Matthias Voigt (Drums) – I guess the best advice that you get, is the one that you don’t listen to…haha. We didn’t take much advice. As I said before, we always chose our way and never looked what others did. I’m talking about the business side here. We just did what we wanted to to do and what felt good to us. Sometimes we knew that no one would do it this way, but we still did. Maybe that’s also one reason that we’d been successful over the years. We didn’t stick to the usual business rules. Just like right now.The new album is out and we’re at home. We decided to do the tour just a few months later, because November is the better time to tour here. Everyone knows that, but all the bands tour directly when a record is getting released, wether it’s May or August. We don’t follow such things and for us it always worked out well.
SOURCE – The music industry has changed dramatically in the past few years, at least from a sales standpoint. Is it irretrievably broken, or can something be done to fix it?
Matthias Voigt (Drums) – Times are changing and the music industry, as we knew them in the 80ies or 90ies, is dead. It won’t come back. The big labels made shitloads of money and it’s been like a paradise for them. Money was literally burnt with crazy marketing stuff and things like that. You can’t even compare now and back then. Today it’s also cheaper to record a video clip or to produce an album. You can get a good “product” with less financial input, compared to 20 years ago. Today you can make something cheap sounding “big” and only a sound engineer can tell you the difference. That counts for the mainstream.
In the independent, extreme or alternative music it’s a bit different. They all have to struggle. The bigger companies too, but they’d earned by far too much before. Now they just can’t release all the bad stuff anymore, without getting financially hurt.
Now the industry is more focusing on merchandise and touring. That’s what bring the money. You won’t get rich with CD’s or DVD’s anymore. I mean, it wasn’t even the case before…haha. But now it’s even worse. You need to tour and to sell merchandise, as a musician. So the labels will try to get their share and they already get. Contracts are much different now and are not only about recordings and stuff.
I know that, in Brazil, many labels stopped putting out records and for me it’s sad to see that a place like Galeria do Rock in Sao Paulo turned more into a mall with Tattoo Studios and Clothing stores. Some record stores were shut down since I was there for the first time in 2002. My last time there was 2010 and I don’t even wanna imagine, how it’s looking like now. But things are changing and we all had our share with buying less records and downloading and stuff. People are not that much into physical records anymore. Even if you still buy music, you can do on iTunes and I also do sometimes. It’s much faster… our times are faster! Times are changing and it won’t ever be the same again. If they would have sticked to vinyl in the past and didn’t invent the CD and later on MP3, we wouldn’t need to talk about that.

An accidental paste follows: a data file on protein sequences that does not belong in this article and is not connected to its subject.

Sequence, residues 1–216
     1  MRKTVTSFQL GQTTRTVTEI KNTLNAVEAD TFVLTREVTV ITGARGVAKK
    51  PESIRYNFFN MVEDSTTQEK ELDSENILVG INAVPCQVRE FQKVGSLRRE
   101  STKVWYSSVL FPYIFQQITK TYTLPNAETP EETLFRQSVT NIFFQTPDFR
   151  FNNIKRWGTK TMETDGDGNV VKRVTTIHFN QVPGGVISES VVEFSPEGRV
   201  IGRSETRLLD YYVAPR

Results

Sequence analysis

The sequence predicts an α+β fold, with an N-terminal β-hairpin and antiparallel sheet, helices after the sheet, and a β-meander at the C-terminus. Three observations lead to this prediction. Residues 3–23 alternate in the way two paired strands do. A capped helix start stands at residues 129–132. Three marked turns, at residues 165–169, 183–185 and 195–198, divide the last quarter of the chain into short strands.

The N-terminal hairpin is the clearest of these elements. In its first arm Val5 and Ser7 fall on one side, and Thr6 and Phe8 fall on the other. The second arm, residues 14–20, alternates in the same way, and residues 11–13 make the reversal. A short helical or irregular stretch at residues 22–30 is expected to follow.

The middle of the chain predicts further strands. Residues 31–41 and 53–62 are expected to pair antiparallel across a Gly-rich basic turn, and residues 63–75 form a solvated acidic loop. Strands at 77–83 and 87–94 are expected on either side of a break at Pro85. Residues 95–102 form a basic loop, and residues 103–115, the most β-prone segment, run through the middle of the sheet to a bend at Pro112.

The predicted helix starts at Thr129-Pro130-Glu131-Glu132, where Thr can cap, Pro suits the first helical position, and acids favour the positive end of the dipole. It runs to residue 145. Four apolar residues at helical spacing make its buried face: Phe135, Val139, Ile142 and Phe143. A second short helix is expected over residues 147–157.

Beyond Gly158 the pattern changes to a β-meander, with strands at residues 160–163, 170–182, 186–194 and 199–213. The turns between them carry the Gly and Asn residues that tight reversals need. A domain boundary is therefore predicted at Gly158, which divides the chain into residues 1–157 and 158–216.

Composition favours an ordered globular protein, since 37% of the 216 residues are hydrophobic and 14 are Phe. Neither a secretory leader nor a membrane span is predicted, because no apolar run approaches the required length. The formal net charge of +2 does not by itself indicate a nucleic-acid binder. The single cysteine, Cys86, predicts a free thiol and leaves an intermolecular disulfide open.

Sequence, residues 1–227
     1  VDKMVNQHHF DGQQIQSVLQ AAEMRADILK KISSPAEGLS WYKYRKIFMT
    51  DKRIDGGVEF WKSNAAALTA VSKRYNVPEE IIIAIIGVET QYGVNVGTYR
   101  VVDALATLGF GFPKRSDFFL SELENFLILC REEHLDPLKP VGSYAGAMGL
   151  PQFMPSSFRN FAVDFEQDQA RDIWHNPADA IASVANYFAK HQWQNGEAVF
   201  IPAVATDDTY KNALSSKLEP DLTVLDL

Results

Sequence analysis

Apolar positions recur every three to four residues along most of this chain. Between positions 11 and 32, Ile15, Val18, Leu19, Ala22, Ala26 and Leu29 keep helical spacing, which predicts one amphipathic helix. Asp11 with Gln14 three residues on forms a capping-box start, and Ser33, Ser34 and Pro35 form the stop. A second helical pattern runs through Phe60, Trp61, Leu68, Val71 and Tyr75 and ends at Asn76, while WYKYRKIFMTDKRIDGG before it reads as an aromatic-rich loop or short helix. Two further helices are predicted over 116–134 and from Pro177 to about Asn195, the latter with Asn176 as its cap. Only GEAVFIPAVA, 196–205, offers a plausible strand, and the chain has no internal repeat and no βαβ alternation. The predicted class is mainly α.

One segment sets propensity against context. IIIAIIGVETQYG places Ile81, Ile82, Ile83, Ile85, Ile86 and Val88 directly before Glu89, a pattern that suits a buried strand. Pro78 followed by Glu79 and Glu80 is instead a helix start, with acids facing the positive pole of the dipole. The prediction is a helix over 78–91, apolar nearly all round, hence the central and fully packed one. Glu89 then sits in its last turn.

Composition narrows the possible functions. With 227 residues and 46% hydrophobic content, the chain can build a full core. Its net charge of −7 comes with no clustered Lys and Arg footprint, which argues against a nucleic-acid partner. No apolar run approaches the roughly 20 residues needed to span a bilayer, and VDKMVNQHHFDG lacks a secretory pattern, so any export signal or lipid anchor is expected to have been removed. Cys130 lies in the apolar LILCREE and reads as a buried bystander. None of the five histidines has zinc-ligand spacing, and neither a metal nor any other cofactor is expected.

SOURCE – How difficult is it to put together a set list now that you have so much material?
Matthias Voigt (Drums) – You have no idea…haha. It’s pretty hard. On the other hand, we already know which songs really work live and which not. It’s always challenging. We always tried to take something off each record, but sometimes we can’t even do that. There are a couple of songs that need to played every show and some others are kinda “circulating” around them and sometimes they change.
SOURCE – When will you be doing another Brazilian tour?
Matthias Voigt (Drums) – We don’t know yet, but hopefully when I will be able to play again. Last time I couldn’t come with the guys, I guess in 2011, and, like I said before, I’m still not completely back on stage. So we need to be back. I guess something will pop up, totally out of the blue and then we’ll be there. So keep your eyes and ears open. Our friend Marcos from Liberation Music will probably get in touch with us, when there will be a possibility.
SOURCE – Anything else you’d like to mention or promote?
Matthias Voigt (Drums) – Obrigado pelo apoio e pela entrevista! Esperamos tocar em Brasil em um futuro proximo. Nos encontramos em breve! Abraços!
P.S. Vai Verdao!